Friday, December 14th, 2012
As we struggle to comprehend what happened on Friday at Sandy Hook Elementary in Newtown, Connecticut, we’re also trying to find the words to talk to our children as they ask questions. It’s a difficult topic to talk about as our children look to us for guidance. As parents, it’s our job to grieve for fellow parents and the young children whose lives were taken but at the same time, provide answers to our kids who are wondering if this could happen at their school.
When today’s events unfolded, I was immediately transported back to my first grade classroom and the discussion that I had with my students as a new teacher about Columbine. I remember my principal talking to us as staff about what to say and about addressing student questions as they came up. As expected, many of my students asked about the safety of our own school.
Having talked about tragedy with children before, I shared my parent and educator perspective with helpful tips on talking to your kids for parents who are looking for guidance on talking about these difficult topics. But knowing that conversations in houses across the nation will be different and suited to our kids and family values, where else can you turn as you’re trying to make sense of today?
I always turn to trusted resources who I can count on to provide helpful tips and age-appropriate talking points for my own children. Here are some helpful links that I found with sound advice for discussing the Sandy Hook tragedy with your children.
PBS Parents offers flexible suggestions about answering kids’ questions about current events. I like that the tips in Talking with Kids About News can be applied to news of any kind and not just about tragedy.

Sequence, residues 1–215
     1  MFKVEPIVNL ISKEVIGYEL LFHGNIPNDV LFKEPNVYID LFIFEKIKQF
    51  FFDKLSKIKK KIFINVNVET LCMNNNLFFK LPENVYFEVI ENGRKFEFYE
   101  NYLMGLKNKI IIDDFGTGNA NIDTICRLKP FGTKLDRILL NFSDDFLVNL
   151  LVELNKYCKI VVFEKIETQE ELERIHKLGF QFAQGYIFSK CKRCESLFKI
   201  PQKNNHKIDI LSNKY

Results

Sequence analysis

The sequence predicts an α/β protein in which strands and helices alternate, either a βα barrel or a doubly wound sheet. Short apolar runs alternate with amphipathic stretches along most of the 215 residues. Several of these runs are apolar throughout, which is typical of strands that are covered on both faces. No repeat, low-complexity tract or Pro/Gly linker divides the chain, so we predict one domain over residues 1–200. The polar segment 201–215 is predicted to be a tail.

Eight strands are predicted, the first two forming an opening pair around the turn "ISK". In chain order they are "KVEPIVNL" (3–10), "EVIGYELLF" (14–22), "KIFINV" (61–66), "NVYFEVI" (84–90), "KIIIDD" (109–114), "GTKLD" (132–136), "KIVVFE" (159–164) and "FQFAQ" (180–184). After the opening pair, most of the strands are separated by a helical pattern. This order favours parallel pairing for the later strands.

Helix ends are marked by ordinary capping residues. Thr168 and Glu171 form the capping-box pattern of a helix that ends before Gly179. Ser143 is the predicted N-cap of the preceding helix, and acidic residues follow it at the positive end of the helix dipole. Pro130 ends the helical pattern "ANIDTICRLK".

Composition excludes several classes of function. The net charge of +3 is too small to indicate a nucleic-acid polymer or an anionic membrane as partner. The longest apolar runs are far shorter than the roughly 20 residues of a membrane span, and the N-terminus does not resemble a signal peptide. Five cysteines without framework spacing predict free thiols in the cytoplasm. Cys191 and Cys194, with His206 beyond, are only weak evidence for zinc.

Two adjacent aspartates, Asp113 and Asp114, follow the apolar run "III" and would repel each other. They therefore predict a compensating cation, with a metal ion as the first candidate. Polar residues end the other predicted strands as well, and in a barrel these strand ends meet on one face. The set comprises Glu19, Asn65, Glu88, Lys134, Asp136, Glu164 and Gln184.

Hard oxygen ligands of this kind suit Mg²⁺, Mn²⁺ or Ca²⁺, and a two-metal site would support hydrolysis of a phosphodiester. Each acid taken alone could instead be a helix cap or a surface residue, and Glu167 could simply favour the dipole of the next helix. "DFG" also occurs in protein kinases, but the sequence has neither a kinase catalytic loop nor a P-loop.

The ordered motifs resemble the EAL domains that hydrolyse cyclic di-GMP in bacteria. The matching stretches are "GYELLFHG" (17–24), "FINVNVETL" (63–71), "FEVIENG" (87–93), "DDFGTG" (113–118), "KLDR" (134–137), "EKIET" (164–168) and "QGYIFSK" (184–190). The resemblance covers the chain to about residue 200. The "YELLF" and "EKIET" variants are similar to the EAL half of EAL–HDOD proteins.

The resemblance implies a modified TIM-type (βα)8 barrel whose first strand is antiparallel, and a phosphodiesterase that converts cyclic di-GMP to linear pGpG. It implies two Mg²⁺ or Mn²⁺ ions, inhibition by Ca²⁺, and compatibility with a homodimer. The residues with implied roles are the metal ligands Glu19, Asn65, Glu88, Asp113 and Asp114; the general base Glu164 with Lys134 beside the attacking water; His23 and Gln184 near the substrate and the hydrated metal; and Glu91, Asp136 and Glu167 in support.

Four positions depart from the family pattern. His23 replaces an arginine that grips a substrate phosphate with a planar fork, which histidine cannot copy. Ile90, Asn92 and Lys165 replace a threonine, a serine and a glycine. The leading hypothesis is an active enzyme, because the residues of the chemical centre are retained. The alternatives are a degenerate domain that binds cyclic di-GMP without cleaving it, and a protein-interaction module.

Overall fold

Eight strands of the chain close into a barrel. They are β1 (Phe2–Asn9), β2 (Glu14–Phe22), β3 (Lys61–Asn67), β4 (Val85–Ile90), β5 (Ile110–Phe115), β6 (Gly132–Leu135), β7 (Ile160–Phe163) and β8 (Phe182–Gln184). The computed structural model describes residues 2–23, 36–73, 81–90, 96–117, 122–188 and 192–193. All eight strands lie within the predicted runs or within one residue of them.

Explaining the News to Our Kids by Common Sense Media provides differentiated messaging for kids depending on their ages. There are tips for talking to those under 7, between 8-12, and teens which is especially useful for families who have kids of different ages and need to address everyone’s concerns in an age appropriate way.
The Mother Company offers expert advice on their site and Talking About Devastating News with Our Kids includes an interview with Pattie Fitzgerald, who advises bringing up difficult topics in context and “explaining that certain events are rare occurrences, or far from where you live” reassuring kids “that as parents you take thorough precautions to keep them safe.” There’s also a very helpful list of tips parents can use to navigate tough news topics.
Sesame Street’s Here for each other: Helping Families After an Emergency is a downloadable PDF that is a fantastic resource for parents of young children. It urges parents to model a sense of calm in front of children since kids take cues from parents and caregivers. There are also simple ways to stay positive after an emergency along with ways to address a child’s fears based on their age.
The American Psychological Association has a post about Helping Children Manage Distress in the Aftermath of a Shooting. Wise words include “What you talk about and how you say it does depend on their age, but all children need to be able to know you are there listening to them.” APA also encourages parents to find times when kids are most likely to talk but to express your opinions while making a concerted effort to listen and not interrupt.
Sadness – a lonely child via Shutterstock